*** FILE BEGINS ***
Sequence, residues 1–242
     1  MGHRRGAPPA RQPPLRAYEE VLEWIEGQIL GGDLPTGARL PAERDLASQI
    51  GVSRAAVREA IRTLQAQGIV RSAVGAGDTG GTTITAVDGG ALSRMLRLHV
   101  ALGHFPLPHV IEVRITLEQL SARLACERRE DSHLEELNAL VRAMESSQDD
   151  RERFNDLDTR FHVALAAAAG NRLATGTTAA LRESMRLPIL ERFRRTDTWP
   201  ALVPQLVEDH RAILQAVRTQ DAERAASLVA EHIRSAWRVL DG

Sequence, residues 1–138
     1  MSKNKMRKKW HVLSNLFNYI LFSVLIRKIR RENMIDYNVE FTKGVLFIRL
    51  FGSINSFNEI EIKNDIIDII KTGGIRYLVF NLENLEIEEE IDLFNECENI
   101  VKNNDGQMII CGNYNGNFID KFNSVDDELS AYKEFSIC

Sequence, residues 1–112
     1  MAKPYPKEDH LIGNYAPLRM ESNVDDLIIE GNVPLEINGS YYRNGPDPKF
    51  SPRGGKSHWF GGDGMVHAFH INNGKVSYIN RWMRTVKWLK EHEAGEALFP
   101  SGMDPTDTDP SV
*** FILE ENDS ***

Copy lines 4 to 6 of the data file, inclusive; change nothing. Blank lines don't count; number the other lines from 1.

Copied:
   101  ALGHFPLPHV IEVRITLEQL SARLACERRE DSHLEELNAL VRAMESSQDD
   151  RERFNDLDTR FHVALAAAAG NRLATGTTAA LRESMRLPIL ERFRRTDTWP
   201  ALVPQLVEDH RAILQAVRTQ DAERAASLVA EHIRSAWRVL DG